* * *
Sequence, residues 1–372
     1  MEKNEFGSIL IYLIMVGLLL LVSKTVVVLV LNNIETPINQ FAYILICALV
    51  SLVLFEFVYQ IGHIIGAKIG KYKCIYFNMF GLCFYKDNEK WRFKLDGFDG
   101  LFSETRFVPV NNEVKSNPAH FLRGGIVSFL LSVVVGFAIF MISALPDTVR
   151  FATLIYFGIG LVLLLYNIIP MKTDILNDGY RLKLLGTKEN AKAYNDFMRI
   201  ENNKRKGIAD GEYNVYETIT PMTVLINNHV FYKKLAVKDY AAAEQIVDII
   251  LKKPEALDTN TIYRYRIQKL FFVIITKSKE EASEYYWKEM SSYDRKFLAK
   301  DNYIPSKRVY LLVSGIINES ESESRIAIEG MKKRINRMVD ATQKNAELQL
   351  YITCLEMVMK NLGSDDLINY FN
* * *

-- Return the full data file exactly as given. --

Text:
Sequence, residues 1–372
     1  MEKNEFGSIL IYLIMVGLLL LVSKTVVVLV LNNIETPINQ FAYILICALV
    51  SLVLFEFVYQ IGHIIGAKIG KYKCIYFNMF GLCFYKDNEK WRFKLDGFDG
   101  LFSETRFVPV NNEVKSNPAH FLRGGIVSFL LSVVVGFAIF MISALPDTVR
   151  FATLIYFGIG LVLLLYNIIP MKTDILNDGY RLKLLGTKEN AKAYNDFMRI
   201  ENNKRKGIAD GEYNVYETIT PMTVLINNHV FYKKLAVKDY AAAEQIVDII
   251  LKKPEALDTN TIYRYRIQKL FFVIITKSKE EASEYYWKEM SSYDRKFLAK
   301  DNYIPSKRVY LLVSGIINES ESESRIAIEG MKKRINRMVD ATQKNAELQL
   351  YITCLEMVMK NLGSDDLINY FN